Those were the days when a certain restraint grew up between Ninette and myself. Ninette, it must be confessed, was jealous of the fiddle. Perhaps she knew instinctively that music was with me a single and absorbing passion, from which she was excluded. She was no genius, little Ninette, and her organ was nothing more to her than the means of making a livelihood; she felt not the smallest tendresse for it, and could not understand why a dead and inanimate fiddle, made of mere wood and catgut, should be any more to me than that. How could she know that to me it was never a dead thing, that even when it hung hopelessly out of my reach, in the window of M. Boudinot, before ever it had given out wild impassioned music beneath my hands, it was always a live thing to me, alive and with a human throbbing heart, vibrating with hope and passion.

So Ninette was jealous of the fiddle, and being proud in her way, she became more and more quiet and reticent, and drew herself aloof from me, although, wrapped up as I was in the double egoism of art and boyhood, I failed to notice this. I have been sorry since that any shadow of misunderstanding should have clouded the closing days of our partnership. It is late to regret now, however. When my fiddle was added to our belongings, we

"Where did you learn to play like that, my boy?" she asked.

"I cannot remember when I could not fiddle, madame," I answered, which was true.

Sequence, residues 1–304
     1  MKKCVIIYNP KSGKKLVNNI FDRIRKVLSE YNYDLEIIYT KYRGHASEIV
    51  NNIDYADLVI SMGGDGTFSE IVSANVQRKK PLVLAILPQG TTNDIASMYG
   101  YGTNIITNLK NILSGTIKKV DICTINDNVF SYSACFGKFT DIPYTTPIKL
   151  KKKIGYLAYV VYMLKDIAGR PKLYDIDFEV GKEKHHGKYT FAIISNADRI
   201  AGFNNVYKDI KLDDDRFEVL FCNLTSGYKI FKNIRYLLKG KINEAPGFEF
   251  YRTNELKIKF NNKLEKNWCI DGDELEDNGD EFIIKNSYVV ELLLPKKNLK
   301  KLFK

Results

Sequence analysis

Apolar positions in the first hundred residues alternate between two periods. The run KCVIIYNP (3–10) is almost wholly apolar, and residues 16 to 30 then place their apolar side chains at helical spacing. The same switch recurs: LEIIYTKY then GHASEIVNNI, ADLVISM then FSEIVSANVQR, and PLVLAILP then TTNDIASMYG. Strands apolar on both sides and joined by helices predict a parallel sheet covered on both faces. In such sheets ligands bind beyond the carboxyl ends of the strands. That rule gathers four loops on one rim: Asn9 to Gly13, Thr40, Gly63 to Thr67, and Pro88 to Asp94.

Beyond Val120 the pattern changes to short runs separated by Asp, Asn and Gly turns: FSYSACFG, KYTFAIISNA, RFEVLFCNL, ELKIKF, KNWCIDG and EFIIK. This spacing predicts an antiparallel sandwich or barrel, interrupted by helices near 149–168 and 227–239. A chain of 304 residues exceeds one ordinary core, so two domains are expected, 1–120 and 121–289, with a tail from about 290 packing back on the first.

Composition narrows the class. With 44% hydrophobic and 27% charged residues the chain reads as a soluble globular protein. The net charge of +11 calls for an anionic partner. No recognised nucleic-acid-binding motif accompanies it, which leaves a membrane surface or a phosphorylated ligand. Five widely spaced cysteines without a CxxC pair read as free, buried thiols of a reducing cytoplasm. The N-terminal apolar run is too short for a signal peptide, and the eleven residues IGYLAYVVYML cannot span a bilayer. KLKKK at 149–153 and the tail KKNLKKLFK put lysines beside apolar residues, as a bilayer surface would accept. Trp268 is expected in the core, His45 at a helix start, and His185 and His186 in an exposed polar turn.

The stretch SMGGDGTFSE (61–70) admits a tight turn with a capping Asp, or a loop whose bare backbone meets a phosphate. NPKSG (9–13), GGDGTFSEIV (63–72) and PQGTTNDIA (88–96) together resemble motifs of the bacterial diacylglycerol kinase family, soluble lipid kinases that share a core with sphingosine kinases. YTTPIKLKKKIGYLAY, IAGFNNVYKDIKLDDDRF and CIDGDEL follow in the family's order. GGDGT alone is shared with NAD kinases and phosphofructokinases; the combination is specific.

"The boy is a born musician, Felix," said Lady Greville. "Look at his hands." And she held up mine to the young man's notice; he glanced at them carelessly.

took to going out separately. It was more profitable, and, besides, Ninette, I think, saw that I was growing a little ashamed of her organ. On one of these occasions, as I played before a house in the Faubourg St. Germain, the turning-point of my life befell me. The house outside which I had taken my station was a large white one, with a balcony on the first floor. This balcony was unoccupied, but the window looking to it was open, and "Yes, miladi," said the young man, through the lace curtains I could distin-"they are real violin hands. What were guish the sound of voices. I began to you playing just now, my lad?" play, at first, one of the airs that Maddalena had taught me; but before it was finished, I had glided off, as usual, into an improvisation.

When I was playing like that, I threw all my soul into my fingers, and I had neither ears nor eyes for anything around me. I did not therefore notice until I had finished playing that a lady and a young man had come out into the balcony, and were beckoning to me.

"Bravo!" cried the lady enthusiastically, but she did not throw me the reward I had expected. She turned and said something to her companion, who smiled and disappeared. I waited expectantly, thinking perhaps she had sent him for her purse. Presently the door opened, and the young man issued from it. He came to me and touched me on the shoulder.

"You are to come with me," he said authoritatively, speaking in French, but with an English accent. I followed him, my heart beating with excitement, through the big door, into a large, handsome hall and up a broad staircase, thinking that in all my life I had never seen such a beautiful house.

He led me into a large and luxurious salon, which seemed to my astonished eyes like a wonderful museum. The walls were crowded with pictures, a charming water-color by Gustave Moreau was lying on the grand piano, waiting until a nook could be found for it to hang. Renaissance bronzes and the work of eighteenth century silver-smiths jostled one another on brackets, and on a table lay a handsome violin-case. The pale blinds were drawn down, and there was a delicious smell of flowers diffused everywhere. A lady was lying on a sofa near the window, a handsome woman of about thirty, whose dress was a miracle of lace and flimsi